That question is asked the wrong way - the question you should be asking is what's the difference between sgml and xml.
You see, xml is a meta language, or a descriptor language. It defines the syntax and vocabulary of files written in xml languages. DTD/schema are the vocabulary part of xml, while xml well-formedness is the syntax part. What the xml file does is actually to connect the vocabulary with well-formedness and the data/document it is to describe. Stylesheets are the document-related styling (CSS, FO), as in html, and the data-related transformation (XSLT). Xml is in itself a stricter subset of sgml.
HTML, on the other hand, is a document language - it's a given vocabulary that can be used with either xml or sgml.
In a way, you can say that an html document is an instance of the sgml class, while an xhtml document is an instance of the xml class - if you talk object oriented programming. That parallel doesn't work entirely, though, since the xml and sgml verions of html share their member definitions.
Um, when I make a file with all those ending tag rules xhtml explained and gave it an xml extention, I get a visual map of tags. Then when I look at already made xml files (winamp 3 had one, why and what the heck it does, I don't know), it had weird stuff like phoney made up tags that seemed to serve no purpose. What is xml exactly? I'm trying to fill in the gap of the equation xml + html = xhtml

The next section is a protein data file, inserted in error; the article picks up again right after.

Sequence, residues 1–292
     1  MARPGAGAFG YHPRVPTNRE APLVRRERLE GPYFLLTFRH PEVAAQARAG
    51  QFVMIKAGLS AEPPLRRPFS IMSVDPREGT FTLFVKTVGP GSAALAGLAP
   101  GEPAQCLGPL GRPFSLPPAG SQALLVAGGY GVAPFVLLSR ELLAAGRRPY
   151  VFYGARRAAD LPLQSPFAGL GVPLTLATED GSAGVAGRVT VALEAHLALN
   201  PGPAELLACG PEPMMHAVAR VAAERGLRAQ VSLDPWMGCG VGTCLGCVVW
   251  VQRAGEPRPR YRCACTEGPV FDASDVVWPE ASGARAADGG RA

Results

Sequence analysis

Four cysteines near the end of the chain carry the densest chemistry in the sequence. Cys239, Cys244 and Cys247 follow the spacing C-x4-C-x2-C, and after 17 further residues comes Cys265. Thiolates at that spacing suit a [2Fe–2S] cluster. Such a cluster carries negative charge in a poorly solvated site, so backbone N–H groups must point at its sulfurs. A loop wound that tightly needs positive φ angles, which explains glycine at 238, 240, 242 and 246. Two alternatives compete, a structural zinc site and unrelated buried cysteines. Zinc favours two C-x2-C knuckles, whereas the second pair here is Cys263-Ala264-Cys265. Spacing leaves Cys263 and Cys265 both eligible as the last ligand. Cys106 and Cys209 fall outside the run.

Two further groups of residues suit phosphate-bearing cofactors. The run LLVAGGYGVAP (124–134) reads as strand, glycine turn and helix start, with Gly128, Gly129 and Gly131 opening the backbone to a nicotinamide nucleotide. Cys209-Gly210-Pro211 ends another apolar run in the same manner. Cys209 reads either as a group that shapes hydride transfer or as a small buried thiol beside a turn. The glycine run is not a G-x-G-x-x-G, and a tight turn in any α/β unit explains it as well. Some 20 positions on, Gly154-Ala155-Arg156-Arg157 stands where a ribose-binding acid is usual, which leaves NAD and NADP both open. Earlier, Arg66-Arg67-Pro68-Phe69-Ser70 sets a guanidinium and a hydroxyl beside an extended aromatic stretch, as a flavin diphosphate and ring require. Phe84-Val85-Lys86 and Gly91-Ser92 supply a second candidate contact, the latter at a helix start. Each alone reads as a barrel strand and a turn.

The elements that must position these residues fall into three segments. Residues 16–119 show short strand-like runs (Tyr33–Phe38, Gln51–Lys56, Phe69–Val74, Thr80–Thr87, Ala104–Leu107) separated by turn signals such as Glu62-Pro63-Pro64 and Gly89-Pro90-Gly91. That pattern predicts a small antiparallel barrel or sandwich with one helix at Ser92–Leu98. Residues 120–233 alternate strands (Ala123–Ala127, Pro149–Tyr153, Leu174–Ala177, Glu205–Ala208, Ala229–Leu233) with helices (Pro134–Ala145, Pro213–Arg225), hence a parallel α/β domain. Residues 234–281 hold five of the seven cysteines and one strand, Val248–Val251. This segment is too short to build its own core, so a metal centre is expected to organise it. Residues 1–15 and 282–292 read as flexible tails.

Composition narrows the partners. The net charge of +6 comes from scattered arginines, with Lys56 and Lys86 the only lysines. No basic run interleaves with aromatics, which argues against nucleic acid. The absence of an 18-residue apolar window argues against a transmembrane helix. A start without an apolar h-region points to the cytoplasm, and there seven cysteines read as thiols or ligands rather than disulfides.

XML is a set of tools for defining a language, and some grammatics for it such as that all elements have to be closed, which SGML doesn't require. HTML is a set of "keywords" in the form of elements, attributes, entity references and their semantic meaning, The semantic meaning is lost to the technology, however, because you can't validate that you are using a tag for it's intended purpose by the validation system DTDs provide.
In other words, the <>, </>, <!-- -->, <!>, <??>, &#nnnn; are what is provided by XML, and the standard for HOW to make them get a meaning, not what their meaning actually is.
What HTML, SVG, MathML, SOAP, RDF DocBook etc. adds to it, is the actual meaning - they add tags, attributes, entity references and legal attribute values. On that, they can also add default behavior, but this is - like in the case of semantic meaning - nothing that is provided with the language definition, but only provided by human readable specifications.
Tails: If you're using IE, I'm not surprised. IE's XML engine doesn't have any knowledge of the XHTML namespace. That's what I meant by that default behavior can be provided, but isn't programmatically inherent to the language.